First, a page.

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Orillia man marks bloody impressive milestone

Terry Smith makes 150th blood donation
2018-10-11 Terry Smith blood donation
Terry Smith is shown Thursday at the Best Western Plus Mariposa Inn and Conference Centre, where he made his 150th blood donation. Nathan Taylor/OrilliaMatters

Terry Smith has been saving lives for 37 years.

The Orillia man made his first donation of blood in 1981 at the suggestion of his parents, both of whom were regular donors.

Thursday afternoon, he marked a milestone when he went under the needle for the 150th time during a Canadian Blood Services clinic at the Best Western Plus Mariposa Inn and Conference Centre.

“Every time you give, you can help three people with a donation,” said Smith, 54. “To me, it’s the right thing to do.”

When he started giving his B-positive blood, donors were permitted to do so three times a year. Now he’s allowed to donate six times a year, and he has taken advantage of every opportunity to do so. He knows people who have required blood from others over the years, which only encourages him further.

“You hear their stories and that makes it pretty gratifying to do,” he said.

The fact it saves lives “should be motivation enough” for people to donate, Smith said.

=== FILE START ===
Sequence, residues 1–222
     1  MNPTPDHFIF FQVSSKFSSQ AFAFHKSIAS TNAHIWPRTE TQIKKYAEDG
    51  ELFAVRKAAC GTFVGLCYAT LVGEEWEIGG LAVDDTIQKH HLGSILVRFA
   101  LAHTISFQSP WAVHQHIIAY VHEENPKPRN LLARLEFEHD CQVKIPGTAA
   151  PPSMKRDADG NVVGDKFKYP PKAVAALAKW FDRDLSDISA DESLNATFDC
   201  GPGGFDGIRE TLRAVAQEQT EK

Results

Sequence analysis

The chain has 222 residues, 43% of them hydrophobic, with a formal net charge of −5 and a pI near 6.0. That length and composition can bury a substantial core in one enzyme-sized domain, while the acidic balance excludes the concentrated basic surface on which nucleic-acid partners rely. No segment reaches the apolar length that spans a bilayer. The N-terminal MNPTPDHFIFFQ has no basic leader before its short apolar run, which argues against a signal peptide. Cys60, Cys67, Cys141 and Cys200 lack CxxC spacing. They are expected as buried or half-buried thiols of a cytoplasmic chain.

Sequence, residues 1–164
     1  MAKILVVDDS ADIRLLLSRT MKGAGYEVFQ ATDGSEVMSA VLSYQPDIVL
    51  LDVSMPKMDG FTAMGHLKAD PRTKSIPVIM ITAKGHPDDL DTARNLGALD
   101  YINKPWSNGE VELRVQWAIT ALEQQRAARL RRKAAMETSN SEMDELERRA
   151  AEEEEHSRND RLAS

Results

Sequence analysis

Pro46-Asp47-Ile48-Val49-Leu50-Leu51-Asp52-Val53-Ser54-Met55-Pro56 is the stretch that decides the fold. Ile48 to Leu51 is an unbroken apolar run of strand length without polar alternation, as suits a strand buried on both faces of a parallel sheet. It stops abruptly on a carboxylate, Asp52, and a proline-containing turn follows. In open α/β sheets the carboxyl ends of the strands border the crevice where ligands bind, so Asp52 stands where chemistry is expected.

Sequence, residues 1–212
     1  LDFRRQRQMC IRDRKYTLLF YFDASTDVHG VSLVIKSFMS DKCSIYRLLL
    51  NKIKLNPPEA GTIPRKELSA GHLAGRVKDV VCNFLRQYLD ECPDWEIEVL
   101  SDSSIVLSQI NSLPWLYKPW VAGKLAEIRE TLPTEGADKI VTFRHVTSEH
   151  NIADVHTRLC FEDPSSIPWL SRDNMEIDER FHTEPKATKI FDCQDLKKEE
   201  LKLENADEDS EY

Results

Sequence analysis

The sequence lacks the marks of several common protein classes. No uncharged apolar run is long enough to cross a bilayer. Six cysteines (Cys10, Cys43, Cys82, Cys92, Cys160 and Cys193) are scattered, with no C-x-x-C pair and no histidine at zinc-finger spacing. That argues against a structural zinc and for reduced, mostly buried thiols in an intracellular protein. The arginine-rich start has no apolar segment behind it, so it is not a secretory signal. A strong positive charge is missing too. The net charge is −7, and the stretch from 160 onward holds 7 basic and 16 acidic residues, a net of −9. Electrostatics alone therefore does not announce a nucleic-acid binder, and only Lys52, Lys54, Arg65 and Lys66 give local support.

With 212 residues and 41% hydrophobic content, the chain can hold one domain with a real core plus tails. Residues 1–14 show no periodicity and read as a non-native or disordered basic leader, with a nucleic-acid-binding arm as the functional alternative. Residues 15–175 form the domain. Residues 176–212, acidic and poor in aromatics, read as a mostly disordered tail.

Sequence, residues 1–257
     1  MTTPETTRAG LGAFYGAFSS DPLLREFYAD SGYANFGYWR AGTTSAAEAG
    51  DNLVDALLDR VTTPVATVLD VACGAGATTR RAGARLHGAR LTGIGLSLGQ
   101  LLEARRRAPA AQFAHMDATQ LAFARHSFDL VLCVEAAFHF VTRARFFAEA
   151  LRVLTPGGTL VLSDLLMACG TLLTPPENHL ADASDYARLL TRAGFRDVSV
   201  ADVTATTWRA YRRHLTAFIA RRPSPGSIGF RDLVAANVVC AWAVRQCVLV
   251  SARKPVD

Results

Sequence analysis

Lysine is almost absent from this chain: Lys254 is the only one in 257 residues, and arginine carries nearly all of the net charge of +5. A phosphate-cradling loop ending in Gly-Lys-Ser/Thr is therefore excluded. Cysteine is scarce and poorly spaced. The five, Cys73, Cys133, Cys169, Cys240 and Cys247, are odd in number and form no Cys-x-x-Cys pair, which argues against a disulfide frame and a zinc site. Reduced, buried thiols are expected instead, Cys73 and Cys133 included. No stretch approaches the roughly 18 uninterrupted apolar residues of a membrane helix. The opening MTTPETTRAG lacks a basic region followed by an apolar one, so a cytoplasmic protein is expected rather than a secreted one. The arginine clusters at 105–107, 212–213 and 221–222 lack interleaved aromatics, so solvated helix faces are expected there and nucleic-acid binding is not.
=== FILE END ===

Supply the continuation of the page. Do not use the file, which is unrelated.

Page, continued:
“If you can, it’s a good thing to be able to do,” he said, adding if people cannot or would prefer not to donate, they can still help by volunteering at the clinics. “There are many ways to help.”

Debbie Dunn, donor centre supervisor with Canadian Blood Services, was appreciative of Smith’s dedication to the cause, but she wasn’t necessarily surprised.

“Orillia is very generous when it comes to donating,” she said.

Still, watching donors hit milestones like Smith’s is “very emotional,” she said.

“They’ve been so loyal.”

Canadian Blood Services shows its appreciation to its donors with a party and dinner every year, when it hands out plaques for milestone donations.

Dunn has been encouraged by a recent trend in donations.

“We have an older donor base, but that’s been changing over the years,” she said, noting younger donors are showing up at the clinics in increasing numbers. “We need some young blood.”

It’s a small sacrifice that goes a long way.

“It’s a cheap way to volunteer your time. It’s a good thing to do and it doesn’t take a lot of your time,” she said.

Blood donor clinics take place at the Best Western Mariposa Inn the second Thursday of every month, from 2 to 7 p.m. The next one will take place Nov. 8, followed by another Nov. 9.

Men are allowed to donate every 56 days, while women can donate every 84 days.

For more information on donating, check out the Canadian Blood Services website.